How can investors choose the right Self-Directed IRA for them? It might be a bit more subtle than you thought. A Self-Directed IRA is a general term for a range of retirement accounts that can be used as the owner directs. This gives you a tremendous amount of freedom—provided, of course, that you stick to the rules established by the IRS. But that doesn’t mean there is a specific “Self-Directed IRA account” that you’ll be signing up for.
What is there instead? There are all sorts of different types of accounts. For example, a Self-Directed Solo 401(k) might fall under the generic term “Self-Directed IRA,” even though it’s a 401(k) plan. And understanding the difference between plans can be tremendously beneficial for investors with specific retirement strategies in mind.
Let’s look at some of the most common account types and how they might fit into a Self-Directed IRA plan:
Self-Directed Traditional IRA and Roth IRA
A Self-Directed Traditional IRA is pretty straight-forward. Traditional IRAs are the oldest types of plan, which means that they’ve been available for the longest time. That gives them a track record, but depending on your individual strategy, you may want to think about its specific quirks. For example, a Traditional IRA uses pre-tax money for its contributions, which is also known as a tax-deferred basis. As we note at our site, “Contributions to Self-Directed IRAs – Traditional IRAs may be made until you are 70½ years of age.”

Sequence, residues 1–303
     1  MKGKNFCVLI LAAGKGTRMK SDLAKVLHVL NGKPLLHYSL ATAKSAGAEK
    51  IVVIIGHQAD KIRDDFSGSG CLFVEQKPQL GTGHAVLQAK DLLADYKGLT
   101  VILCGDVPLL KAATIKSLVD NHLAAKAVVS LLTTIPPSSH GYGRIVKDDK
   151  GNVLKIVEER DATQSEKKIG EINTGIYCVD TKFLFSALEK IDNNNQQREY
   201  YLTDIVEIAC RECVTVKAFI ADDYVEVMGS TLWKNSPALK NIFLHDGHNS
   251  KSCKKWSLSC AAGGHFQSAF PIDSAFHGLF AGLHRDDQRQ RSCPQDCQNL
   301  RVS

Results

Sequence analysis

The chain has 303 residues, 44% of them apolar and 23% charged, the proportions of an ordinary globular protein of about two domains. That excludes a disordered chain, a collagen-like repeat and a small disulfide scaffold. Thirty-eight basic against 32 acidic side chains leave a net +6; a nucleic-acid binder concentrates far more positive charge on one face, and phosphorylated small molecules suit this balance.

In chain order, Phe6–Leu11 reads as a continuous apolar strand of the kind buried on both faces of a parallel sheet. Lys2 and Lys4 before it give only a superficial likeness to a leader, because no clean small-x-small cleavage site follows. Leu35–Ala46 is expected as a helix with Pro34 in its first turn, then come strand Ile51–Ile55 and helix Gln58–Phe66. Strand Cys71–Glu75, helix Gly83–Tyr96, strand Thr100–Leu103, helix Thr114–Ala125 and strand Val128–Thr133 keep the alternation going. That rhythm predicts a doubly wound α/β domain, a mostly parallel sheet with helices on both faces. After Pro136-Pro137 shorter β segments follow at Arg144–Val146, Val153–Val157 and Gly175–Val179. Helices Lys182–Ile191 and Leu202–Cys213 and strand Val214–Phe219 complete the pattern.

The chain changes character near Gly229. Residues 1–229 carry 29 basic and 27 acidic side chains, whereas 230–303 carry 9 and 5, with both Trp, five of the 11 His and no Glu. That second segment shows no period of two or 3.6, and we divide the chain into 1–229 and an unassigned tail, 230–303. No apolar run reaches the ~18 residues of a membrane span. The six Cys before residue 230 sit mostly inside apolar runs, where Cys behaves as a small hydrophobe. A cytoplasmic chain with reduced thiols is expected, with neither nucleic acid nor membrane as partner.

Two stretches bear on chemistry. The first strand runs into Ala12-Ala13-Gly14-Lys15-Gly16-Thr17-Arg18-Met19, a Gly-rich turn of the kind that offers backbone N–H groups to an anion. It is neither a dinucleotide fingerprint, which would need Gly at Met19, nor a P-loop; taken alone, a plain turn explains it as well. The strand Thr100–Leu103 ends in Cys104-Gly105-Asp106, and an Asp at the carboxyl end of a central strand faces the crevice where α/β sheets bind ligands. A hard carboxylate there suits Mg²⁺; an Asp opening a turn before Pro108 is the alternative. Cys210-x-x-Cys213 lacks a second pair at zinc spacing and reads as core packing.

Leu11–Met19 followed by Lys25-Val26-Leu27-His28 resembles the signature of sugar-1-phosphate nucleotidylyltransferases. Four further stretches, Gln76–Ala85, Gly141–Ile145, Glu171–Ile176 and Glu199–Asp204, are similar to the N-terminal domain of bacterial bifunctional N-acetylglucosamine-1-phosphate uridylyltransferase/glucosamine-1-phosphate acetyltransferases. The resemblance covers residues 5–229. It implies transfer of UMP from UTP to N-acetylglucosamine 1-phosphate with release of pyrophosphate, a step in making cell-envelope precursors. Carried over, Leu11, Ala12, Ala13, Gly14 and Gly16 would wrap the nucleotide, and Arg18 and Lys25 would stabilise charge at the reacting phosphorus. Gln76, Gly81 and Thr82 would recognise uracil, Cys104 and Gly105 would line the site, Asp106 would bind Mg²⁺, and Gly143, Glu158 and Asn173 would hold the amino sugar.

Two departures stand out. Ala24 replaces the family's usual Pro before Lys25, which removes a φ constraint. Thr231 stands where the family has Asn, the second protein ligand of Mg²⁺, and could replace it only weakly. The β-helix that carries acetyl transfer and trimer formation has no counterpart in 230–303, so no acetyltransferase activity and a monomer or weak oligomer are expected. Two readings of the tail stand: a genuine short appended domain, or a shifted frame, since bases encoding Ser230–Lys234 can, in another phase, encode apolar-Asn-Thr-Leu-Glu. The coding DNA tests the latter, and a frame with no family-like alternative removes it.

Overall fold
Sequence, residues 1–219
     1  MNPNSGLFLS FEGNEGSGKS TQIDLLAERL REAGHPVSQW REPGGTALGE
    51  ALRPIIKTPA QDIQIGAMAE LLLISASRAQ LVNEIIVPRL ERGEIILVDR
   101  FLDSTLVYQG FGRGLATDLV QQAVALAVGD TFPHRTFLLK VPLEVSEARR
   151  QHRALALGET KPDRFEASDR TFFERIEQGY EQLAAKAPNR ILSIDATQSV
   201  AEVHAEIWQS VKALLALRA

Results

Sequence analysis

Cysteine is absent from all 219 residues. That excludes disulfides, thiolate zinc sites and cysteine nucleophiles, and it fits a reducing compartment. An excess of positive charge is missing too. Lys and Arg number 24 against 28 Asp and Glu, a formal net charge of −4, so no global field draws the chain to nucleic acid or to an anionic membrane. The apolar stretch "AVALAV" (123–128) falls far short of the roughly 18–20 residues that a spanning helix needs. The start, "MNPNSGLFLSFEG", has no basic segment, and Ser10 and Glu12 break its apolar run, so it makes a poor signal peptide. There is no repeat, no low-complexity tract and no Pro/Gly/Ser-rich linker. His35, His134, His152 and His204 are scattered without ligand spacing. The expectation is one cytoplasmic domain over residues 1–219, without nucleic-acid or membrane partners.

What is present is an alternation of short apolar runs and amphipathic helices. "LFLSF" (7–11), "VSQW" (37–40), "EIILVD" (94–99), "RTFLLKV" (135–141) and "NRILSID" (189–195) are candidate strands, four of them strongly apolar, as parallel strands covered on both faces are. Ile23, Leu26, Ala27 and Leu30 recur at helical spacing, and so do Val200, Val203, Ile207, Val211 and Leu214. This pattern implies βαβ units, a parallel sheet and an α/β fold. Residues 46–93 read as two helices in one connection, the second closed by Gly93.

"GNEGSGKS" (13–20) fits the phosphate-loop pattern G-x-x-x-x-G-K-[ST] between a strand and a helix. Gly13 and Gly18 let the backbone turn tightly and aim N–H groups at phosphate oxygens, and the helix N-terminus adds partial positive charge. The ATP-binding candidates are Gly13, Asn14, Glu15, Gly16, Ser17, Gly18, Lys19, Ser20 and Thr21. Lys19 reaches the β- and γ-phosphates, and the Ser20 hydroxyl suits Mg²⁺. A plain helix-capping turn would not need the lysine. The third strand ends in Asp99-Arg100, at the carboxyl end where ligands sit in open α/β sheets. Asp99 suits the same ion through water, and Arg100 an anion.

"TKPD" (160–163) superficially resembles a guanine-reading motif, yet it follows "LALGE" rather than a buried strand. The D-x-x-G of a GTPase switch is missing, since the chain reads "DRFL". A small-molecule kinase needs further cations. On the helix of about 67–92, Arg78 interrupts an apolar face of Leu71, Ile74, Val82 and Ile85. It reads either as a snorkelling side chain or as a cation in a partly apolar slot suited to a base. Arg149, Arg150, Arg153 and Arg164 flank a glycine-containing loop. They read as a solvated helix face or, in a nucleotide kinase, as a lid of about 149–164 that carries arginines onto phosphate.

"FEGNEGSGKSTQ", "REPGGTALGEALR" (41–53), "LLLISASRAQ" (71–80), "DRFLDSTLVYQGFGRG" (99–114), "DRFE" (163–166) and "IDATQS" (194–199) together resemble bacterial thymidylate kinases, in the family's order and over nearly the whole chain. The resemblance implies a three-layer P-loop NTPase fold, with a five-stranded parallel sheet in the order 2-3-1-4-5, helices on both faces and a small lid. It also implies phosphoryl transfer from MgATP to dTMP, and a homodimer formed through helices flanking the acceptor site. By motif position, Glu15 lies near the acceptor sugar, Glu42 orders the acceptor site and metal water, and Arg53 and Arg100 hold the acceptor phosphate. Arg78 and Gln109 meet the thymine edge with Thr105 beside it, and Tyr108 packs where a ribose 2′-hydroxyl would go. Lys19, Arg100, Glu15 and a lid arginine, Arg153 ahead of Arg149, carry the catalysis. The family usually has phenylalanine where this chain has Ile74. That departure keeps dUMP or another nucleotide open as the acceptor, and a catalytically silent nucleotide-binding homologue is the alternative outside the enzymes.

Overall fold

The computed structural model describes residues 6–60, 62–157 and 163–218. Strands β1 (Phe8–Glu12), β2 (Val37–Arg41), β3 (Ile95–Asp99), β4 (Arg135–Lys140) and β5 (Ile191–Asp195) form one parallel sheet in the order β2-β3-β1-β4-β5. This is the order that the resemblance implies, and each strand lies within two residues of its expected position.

Generally, many people will opt for a Roth IRA because of its after-tax contribution plan, which means that investors will not have to pay taxes when taking distributions in retirement. However, it’s also worth noting that for all retirement plans, there is going to be some sort of age requirement.
Self-Directed Solo 401(k)
Many people are familiar with the idea of a 401(k), a retirement plan that allows for high contribution totals every year. In fact, for many people, this is their retirement plan, as they often have 401(k) plans established through their employer.
But what if you don’t want to work through an employer? Or if you’re self-employed? Then you might start a Self-Directed Solo 401(k) plan, which has many similar benefits, but can work even if you own your own business or are self-employed. With high contribution limits on a pre-tax basis, this can greatly help your flexibility for putting money aside for investments.
Also popular among the self-employed is the Self-Directed Simplified Employee Pension IRA, or SEP IRA. This is a low-cost, highly flexible style of plan that’s great for many solopreneurs or contractors who work for themselves, but need a way to establish a retirement plan anyway. Like the Solo 401(k), it has high contribution limits for pretax contributions, which means that it can help add to the flexibility of an investor’s budget.
With all of these accounts, Self-Direction is key, because it gives retirement investors the opportunity to expand beyond the traditional assets available (stocks, bonds) and allows them to move to nontraditional assets, such as real estate and precious metals. With that expanded diversification come more choices. But it’s important for investors to choose the right Self-Directed IRA for their individual situation. We recommend visiting our page on individual IRA accounts, where you can click on the unique features of each one, better learning which one may be right for you and your situation.